“The progressive secularization of modern man has altered the content of his spiritual life, but not broken the mould of his imagination; a huge residue of mythology lingers in the zones that have escaped regimentation.” – Mircea Eliade, Images et symbols, Paris 1952
The mysticisms I experienced as a child at Catholic school still hold a great power over me, influencing my art. I make my work in two stages. First I create objects inspired from religion, and configure them into a scene. Next I use my body to create a context and purpose for the objects. By recording these symbolic interactions through the lens of the camera I produce photographs and video to display alongside my objects. The combination of photographs and relics create a narrative while also heightening the mystery of spiritual purpose.
Using a found vade mecum, or a book of reference (encyclopedia, Bible, dictionary), I cover it, page-by-page, in slip. Firing the book in a kiln transforms it into a reliquary shell, containing the ashes of the book within. Ensuring stability for the delicate book I encase it with chalky plaster. I then use a masonry-saw to cut the piece, revealing the cross section of the ceramic pages.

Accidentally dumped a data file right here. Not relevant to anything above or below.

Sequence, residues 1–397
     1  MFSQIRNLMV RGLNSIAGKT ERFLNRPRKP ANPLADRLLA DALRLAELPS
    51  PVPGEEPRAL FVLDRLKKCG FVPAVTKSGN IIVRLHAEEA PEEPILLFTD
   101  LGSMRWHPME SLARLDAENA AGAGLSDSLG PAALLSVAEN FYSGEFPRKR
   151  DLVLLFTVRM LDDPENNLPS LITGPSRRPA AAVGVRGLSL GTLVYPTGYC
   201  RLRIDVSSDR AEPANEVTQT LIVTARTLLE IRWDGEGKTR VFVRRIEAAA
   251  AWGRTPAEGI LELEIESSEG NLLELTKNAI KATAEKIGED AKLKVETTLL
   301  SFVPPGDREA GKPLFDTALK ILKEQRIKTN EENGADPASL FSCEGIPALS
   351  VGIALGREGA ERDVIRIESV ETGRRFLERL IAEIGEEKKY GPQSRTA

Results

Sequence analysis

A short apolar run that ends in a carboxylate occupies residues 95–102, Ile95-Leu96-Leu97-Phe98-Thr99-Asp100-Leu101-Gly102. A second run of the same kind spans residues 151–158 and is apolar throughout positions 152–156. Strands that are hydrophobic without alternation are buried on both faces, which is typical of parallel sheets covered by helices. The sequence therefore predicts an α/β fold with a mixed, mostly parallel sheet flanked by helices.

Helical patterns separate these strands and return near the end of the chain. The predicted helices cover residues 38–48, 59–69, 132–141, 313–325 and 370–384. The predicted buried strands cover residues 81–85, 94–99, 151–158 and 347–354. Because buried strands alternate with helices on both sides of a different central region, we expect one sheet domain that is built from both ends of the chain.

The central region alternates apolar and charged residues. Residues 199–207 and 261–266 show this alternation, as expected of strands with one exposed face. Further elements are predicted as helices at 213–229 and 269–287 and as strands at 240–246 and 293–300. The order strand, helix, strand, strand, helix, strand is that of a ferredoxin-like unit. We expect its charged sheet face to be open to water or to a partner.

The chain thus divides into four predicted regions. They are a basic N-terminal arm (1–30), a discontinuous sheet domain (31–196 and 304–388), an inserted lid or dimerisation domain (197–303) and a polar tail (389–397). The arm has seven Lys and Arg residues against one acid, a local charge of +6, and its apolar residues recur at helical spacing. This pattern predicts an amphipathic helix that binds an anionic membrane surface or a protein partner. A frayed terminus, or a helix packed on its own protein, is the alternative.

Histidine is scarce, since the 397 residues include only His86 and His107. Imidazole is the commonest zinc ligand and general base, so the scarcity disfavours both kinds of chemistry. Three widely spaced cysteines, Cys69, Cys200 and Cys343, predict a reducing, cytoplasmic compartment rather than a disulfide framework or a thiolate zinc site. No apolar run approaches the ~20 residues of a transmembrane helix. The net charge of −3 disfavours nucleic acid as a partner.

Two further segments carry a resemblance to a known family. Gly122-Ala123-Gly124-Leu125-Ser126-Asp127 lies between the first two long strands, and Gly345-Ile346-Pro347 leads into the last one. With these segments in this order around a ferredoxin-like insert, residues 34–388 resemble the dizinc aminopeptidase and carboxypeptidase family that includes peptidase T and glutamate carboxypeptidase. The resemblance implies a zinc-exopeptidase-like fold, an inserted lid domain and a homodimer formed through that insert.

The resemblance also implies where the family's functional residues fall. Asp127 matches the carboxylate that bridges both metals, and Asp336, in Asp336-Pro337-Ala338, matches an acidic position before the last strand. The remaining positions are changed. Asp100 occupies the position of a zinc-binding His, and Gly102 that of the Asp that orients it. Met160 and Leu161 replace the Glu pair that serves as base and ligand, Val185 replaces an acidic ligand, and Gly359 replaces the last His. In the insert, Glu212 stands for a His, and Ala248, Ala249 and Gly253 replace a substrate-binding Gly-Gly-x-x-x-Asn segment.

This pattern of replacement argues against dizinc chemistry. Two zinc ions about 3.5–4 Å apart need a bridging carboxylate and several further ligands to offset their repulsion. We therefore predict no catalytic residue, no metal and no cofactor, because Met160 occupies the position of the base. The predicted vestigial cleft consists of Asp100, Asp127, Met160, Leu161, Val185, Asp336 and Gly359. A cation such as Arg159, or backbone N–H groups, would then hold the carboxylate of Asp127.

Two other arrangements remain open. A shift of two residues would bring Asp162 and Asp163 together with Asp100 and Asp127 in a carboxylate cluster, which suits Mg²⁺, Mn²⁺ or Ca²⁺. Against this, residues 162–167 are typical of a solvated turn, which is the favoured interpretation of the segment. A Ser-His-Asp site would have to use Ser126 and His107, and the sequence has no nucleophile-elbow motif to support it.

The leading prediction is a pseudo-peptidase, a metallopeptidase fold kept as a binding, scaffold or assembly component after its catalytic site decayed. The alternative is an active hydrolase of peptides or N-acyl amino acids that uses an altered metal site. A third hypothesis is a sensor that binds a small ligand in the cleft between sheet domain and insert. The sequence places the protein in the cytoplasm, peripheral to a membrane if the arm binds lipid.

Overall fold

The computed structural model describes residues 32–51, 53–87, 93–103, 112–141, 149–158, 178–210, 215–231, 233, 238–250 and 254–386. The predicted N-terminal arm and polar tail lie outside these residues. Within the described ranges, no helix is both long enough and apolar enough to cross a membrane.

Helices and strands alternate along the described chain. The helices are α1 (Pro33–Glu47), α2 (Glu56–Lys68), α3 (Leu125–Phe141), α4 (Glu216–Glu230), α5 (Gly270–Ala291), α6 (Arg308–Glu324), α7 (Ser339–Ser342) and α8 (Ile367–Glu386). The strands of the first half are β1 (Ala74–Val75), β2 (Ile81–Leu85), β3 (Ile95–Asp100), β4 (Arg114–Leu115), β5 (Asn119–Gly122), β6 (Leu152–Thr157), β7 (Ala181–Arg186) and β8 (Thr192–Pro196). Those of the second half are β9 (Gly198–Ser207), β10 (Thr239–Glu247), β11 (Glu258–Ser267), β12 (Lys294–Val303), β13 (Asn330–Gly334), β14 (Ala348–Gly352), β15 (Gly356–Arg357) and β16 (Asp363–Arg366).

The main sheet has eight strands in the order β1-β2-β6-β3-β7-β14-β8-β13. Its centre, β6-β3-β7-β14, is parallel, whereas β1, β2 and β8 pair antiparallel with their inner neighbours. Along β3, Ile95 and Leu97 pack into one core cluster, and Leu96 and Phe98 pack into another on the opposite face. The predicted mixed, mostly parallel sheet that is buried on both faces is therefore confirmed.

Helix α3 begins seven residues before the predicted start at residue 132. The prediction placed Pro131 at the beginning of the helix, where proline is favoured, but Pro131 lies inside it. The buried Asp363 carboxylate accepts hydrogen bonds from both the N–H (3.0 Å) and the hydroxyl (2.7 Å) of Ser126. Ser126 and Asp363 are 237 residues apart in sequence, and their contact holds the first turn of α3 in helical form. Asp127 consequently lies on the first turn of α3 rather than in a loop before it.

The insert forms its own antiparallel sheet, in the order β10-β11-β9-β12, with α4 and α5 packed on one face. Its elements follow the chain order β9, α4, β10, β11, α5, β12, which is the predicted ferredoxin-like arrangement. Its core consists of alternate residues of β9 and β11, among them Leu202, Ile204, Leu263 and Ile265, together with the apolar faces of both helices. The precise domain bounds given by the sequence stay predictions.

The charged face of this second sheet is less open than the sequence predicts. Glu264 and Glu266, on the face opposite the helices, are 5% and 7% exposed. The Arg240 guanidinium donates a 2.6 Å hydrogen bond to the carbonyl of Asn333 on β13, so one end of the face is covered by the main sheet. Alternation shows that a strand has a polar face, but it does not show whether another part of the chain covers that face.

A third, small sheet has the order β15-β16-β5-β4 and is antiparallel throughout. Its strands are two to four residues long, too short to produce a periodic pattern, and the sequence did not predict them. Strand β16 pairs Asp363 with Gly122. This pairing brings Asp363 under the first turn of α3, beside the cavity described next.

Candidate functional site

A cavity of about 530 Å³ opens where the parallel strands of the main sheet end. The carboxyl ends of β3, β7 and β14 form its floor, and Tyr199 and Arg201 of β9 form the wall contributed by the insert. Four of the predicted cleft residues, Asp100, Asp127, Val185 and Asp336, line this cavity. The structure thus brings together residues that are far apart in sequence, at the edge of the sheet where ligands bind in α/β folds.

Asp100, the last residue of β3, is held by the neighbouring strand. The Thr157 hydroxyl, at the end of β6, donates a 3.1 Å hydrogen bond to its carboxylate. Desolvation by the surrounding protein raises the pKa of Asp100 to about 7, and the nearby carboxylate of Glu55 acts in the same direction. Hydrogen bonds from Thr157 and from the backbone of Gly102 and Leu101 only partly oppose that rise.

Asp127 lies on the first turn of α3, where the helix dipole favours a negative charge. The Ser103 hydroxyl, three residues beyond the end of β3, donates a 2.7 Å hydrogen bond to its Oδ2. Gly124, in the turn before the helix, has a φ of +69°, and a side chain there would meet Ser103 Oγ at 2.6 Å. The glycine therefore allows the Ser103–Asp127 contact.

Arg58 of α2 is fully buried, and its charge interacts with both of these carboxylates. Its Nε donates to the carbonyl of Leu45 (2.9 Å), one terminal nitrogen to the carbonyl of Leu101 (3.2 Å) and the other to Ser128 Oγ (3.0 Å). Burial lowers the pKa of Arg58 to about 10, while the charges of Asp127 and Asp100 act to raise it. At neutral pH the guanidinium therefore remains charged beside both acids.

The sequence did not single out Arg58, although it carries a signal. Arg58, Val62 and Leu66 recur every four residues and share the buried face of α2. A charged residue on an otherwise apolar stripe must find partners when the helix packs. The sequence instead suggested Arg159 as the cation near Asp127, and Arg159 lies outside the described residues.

These objects become a part of of my pseudo-ritual interaction that I perform and document. The use of my body blurs the separation of roles in religious practice, from the sacred leader and practitioner/parishioner, all the way to that of the cynic.